This week's book giveaway is in the OO, Patterns, UML and Refactoring forum. We're giving away four copies of Refactoring for Software Design Smells: Managing Technical Debt and have Girish Suryanarayana, Ganesh Samarthyam & Tushar Sharma on-line! See this thread for details.
What are the main issues to consider when this company (which I have contracted with) wants to develop under JBoss (during R&D) with the intention of eventually transitioning to their established production WebSphere environment?
This is dangerous because you have different deployment descriptors and setup between different application servers. You really need to be developing/testing to the same type of environment you'll see in production. Your tests could pass in a JBoss environment, but they could break in your WebSphere production environment. You have to be concerned with not only your code, but deploymnent descriptors and your application server setup.
If you're going to use WebSphere in production, then use it for R&D as well. Then, when you're tests pass, you're confident that production will go smoothly, too.
If you continue with JBoss for R&D, and WebSphere in production, then you need to also concern yourself with deployment descriptors. Make sure that you're using Ant/Maven plus XDoclet to generate your descriptors - you should be OK if you do this. But after you're done testing against JBoss in your R&D environment, I would deploy on WebSphere and run all your tests to make sure things will work in production. But, I still think this is a bad idea because it makes your developers' Unit tests meaningless.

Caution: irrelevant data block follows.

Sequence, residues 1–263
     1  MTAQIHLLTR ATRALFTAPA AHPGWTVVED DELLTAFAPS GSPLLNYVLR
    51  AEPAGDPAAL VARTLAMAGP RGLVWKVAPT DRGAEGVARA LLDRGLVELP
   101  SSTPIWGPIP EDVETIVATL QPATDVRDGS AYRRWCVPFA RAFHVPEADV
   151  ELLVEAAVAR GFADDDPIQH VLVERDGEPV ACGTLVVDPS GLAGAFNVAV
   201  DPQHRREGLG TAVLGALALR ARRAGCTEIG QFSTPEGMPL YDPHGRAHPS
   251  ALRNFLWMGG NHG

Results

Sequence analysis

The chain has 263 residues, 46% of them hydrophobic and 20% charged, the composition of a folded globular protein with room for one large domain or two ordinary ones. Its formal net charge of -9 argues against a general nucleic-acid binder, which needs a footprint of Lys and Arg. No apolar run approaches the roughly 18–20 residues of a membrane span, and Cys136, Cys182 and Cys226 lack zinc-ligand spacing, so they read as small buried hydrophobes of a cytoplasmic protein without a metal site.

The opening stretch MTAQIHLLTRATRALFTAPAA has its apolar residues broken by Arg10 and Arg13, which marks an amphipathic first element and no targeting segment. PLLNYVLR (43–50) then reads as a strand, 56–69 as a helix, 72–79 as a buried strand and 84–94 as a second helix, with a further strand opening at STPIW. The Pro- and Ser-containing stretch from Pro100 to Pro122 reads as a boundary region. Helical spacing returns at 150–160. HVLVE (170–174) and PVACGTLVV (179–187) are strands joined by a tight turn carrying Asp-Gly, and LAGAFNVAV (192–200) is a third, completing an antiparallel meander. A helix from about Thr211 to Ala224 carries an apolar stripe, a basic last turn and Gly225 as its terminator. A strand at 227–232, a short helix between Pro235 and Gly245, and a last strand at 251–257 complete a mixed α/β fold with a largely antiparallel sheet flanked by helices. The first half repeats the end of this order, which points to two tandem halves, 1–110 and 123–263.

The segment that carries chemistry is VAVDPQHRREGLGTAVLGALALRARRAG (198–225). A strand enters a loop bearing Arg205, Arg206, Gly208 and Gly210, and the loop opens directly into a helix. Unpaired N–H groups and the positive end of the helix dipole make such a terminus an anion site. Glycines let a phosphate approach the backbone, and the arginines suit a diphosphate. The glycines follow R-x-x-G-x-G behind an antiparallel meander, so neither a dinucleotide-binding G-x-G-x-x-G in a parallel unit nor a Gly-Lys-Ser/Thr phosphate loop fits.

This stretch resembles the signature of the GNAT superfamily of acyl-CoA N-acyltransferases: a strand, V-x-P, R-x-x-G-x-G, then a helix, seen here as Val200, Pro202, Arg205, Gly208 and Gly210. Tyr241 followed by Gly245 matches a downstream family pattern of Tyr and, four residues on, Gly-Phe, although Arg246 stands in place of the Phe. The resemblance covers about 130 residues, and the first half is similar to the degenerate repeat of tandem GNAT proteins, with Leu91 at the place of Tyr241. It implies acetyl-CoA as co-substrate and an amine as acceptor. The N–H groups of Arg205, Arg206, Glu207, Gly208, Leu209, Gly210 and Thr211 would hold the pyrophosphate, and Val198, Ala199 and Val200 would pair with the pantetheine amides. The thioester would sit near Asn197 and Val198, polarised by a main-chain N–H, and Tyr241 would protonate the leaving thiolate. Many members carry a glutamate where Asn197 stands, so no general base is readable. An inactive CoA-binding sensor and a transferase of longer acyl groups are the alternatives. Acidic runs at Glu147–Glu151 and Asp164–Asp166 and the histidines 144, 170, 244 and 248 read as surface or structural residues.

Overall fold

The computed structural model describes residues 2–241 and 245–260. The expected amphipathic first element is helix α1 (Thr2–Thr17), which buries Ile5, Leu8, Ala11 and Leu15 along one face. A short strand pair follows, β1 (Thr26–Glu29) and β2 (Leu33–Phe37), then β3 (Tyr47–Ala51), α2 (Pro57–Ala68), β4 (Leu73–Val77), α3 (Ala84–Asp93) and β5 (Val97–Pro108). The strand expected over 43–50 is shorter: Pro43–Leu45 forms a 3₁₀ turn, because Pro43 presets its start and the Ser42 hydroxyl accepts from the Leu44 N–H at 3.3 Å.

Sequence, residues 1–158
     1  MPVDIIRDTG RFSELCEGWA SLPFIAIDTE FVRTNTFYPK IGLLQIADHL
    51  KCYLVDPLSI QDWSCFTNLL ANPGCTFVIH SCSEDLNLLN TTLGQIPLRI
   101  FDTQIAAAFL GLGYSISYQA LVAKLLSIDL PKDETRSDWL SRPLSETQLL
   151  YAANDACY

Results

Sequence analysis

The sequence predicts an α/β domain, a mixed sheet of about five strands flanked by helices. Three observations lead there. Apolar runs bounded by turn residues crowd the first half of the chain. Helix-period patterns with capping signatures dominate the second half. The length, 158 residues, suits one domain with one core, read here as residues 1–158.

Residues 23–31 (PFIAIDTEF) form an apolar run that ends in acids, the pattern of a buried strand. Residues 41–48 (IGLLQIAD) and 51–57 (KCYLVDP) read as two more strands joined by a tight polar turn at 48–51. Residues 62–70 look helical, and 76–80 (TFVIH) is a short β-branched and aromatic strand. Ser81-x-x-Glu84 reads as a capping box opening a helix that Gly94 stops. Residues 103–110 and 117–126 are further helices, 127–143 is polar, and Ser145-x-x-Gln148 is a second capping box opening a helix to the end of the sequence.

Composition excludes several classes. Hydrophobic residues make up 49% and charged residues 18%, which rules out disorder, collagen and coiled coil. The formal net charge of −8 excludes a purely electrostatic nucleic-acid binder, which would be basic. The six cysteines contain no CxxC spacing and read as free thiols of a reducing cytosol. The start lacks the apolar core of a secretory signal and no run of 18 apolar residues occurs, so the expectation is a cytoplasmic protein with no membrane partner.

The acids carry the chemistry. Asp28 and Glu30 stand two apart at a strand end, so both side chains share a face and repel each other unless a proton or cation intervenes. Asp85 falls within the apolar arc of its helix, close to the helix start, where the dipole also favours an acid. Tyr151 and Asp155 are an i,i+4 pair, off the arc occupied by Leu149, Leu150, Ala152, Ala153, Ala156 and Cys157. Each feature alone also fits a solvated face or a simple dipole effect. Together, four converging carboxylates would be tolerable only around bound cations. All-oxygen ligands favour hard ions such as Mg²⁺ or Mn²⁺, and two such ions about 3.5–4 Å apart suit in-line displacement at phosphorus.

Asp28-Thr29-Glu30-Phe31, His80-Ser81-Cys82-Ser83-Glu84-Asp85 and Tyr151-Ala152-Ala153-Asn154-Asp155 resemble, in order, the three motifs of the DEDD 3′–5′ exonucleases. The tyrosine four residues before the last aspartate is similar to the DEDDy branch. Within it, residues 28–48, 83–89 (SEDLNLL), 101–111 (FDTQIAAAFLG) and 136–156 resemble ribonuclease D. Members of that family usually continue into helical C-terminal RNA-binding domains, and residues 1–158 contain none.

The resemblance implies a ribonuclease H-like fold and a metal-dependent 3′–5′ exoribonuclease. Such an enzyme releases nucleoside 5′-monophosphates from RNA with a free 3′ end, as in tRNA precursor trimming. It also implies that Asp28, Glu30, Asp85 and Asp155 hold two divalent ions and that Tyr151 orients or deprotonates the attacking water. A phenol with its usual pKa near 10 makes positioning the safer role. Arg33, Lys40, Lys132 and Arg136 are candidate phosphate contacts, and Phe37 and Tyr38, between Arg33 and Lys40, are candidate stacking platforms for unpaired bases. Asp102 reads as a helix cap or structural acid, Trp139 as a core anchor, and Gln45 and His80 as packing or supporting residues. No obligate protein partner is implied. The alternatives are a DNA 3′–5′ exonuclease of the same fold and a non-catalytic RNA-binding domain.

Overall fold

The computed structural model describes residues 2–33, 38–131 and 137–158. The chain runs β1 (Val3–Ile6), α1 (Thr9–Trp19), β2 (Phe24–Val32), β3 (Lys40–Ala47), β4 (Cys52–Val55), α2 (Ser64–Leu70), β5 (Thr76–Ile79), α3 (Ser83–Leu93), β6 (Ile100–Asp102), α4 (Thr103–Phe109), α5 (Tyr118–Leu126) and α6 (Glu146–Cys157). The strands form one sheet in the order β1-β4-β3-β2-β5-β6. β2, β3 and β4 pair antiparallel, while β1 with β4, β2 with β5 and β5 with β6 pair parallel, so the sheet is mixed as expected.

Joined: Jan 23, 2006
Thanks. I kinda thought so. I wish the dangerously product-specific deployment descriptors were identified somewhere.
Despite the title, the book takes great pains to be a vendor-neutral J2EE book. We point out each JBoss-specific issue in a sidebar. The code tends to be container-neutral, but the deployment descriptors are container-specific.
XDoclet and Hibernate go a long way towards mitigating container-specific brain damage.